Writing copy for prospects at this level is the easiest of all. They just want to know what the “deal” is and where they can buy one. Prospects who are Most Aware don’t need to know the back story of your company, they require little social proof (if any) and they don’t need to be educated on the benefits of your product.
The iPad is a great example. Apple doesn’t use persuasive copy to explain why someone should buy the iPad. People already know what the iPad is and whether or not they want it. Apple only markets the iPad based on price and new features (the “deal” as mentioned above).
Apple (Macbook Air)
There’s no explanation behind what a MacBook Air is or why they should buy it. The price itself is enough to make the sale.
Awareness Level #2: Product-Aware
Prospects in the “Product-Aware” state are familiar with your product and its features, but are not sure if it’s right for them. Prospects in this stage are usually looking for specific features/benefits that make your product better than your competition’s.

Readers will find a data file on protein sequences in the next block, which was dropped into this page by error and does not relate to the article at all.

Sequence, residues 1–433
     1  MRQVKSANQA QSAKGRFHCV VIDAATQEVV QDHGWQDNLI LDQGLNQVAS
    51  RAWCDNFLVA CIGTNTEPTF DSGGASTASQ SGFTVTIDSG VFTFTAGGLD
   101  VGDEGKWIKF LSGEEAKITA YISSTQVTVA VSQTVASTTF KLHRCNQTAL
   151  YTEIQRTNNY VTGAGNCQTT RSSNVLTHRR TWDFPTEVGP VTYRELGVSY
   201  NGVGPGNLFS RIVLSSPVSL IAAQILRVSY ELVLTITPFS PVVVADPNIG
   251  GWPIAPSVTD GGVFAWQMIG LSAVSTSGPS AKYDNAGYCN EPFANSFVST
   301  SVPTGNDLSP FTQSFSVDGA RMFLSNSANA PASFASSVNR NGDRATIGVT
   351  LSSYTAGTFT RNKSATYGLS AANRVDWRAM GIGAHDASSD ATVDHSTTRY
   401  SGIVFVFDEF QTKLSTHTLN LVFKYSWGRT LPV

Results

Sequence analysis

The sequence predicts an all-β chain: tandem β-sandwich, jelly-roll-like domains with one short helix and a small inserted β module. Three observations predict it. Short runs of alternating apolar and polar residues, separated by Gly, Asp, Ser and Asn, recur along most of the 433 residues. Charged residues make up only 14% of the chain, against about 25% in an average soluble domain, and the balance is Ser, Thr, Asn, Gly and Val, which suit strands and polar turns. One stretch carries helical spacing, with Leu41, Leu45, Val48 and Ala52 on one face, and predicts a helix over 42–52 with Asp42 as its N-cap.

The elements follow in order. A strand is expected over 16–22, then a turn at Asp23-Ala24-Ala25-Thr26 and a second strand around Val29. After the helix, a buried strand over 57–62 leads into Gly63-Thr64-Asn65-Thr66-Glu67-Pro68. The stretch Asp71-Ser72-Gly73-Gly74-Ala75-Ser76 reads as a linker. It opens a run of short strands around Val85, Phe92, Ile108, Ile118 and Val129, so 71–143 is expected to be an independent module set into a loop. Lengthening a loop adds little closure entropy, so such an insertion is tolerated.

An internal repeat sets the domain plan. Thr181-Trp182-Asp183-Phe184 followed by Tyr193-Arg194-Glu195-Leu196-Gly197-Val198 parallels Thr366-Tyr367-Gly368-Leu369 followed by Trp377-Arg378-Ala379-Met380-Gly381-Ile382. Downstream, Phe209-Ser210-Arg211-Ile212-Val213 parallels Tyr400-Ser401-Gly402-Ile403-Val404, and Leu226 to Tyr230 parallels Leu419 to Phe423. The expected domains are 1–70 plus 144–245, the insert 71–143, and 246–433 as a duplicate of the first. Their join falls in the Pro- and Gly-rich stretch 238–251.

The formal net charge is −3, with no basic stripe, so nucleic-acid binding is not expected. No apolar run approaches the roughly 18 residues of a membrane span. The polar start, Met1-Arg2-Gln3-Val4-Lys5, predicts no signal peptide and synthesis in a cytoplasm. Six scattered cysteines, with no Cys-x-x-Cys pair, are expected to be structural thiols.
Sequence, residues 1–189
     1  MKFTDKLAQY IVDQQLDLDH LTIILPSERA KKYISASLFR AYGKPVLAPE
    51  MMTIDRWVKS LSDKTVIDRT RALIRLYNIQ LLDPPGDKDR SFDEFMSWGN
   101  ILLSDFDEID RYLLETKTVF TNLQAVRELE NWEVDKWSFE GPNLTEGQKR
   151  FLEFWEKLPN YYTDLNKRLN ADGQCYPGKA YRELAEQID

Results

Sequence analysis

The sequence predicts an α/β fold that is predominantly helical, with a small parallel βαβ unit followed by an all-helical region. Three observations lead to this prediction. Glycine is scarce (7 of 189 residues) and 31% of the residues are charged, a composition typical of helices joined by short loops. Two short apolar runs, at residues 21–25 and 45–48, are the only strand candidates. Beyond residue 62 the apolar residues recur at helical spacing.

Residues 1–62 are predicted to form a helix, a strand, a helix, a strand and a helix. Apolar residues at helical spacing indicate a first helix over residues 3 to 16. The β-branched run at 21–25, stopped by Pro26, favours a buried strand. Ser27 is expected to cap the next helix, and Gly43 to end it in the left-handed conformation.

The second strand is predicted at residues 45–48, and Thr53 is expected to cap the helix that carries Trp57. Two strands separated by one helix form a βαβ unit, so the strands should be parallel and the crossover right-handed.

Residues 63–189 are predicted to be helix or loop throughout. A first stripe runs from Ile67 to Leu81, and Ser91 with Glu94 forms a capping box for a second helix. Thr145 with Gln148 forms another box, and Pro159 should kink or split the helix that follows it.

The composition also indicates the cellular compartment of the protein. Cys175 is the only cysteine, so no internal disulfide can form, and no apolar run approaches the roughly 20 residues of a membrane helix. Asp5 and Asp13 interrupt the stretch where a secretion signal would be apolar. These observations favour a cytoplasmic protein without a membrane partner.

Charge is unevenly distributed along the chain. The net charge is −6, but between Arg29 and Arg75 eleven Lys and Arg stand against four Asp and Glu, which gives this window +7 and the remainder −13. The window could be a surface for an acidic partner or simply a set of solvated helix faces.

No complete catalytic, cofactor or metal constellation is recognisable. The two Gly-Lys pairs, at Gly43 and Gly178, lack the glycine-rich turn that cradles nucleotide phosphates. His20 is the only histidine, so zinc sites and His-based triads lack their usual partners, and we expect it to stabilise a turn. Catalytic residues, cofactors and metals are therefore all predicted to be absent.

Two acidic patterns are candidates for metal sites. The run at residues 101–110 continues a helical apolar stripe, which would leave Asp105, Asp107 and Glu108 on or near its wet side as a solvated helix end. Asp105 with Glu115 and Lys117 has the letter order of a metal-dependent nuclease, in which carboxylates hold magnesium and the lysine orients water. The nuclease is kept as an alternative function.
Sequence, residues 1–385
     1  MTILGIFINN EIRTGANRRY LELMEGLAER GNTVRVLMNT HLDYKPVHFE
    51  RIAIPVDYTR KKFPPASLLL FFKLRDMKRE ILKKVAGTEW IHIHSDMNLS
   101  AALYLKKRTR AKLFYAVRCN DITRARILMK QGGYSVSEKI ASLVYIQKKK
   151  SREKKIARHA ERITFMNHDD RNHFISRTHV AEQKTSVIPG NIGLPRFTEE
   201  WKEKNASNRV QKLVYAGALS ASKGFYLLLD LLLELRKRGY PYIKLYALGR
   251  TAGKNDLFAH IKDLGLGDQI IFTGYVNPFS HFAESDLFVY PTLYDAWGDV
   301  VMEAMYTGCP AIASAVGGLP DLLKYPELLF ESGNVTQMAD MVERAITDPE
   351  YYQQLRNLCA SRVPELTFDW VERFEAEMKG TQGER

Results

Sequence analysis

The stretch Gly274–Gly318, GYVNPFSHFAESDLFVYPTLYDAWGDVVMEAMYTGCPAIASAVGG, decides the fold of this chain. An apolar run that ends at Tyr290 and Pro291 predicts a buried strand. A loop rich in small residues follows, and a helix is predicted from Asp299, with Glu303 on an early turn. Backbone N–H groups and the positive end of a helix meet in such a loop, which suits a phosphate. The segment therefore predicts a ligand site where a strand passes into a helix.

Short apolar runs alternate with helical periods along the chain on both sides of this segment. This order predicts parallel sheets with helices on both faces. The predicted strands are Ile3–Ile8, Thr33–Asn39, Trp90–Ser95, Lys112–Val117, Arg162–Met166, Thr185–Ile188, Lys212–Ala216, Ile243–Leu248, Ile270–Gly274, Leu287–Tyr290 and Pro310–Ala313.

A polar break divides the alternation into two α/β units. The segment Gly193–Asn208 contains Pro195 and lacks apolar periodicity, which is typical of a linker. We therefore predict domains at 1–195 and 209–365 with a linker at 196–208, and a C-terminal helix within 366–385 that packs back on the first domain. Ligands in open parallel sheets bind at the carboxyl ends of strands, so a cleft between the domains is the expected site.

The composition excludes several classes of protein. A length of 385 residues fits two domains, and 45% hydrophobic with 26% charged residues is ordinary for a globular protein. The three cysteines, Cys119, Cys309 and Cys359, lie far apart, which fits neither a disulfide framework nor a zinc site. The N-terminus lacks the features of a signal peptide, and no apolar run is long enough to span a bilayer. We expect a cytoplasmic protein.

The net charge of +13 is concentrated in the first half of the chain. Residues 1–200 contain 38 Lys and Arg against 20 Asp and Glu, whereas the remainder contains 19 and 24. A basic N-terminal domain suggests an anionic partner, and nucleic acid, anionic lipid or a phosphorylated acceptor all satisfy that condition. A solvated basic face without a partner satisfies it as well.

Everyone knows American Express offers credit cards. But how do they know if an American Express card is right for them and right for their spending habits? How do they know the American Express Platinum Card is better than anything Visa or Mastercard offers?
American Express differentiates itself by giving better perks (miles, no fees for the first year, rewards, etc.)
Most people who have the problem that Cialis solves has already heard about Cialis and what it can do. Therefore Cialis does not state the benefits or even what the pill does in their advertising. They assume prospects already know and understand. They’re simply trying to convince their prospects to buy THEM instead of Viagra (or any other competitor) by offering a 30-day trial.
Awareness Level #3: Solution Aware
Your prospect knows the results they want and they know that solutions exist, but they’re not aware your specific solution exists.
Let’s use the weight loss market as as example…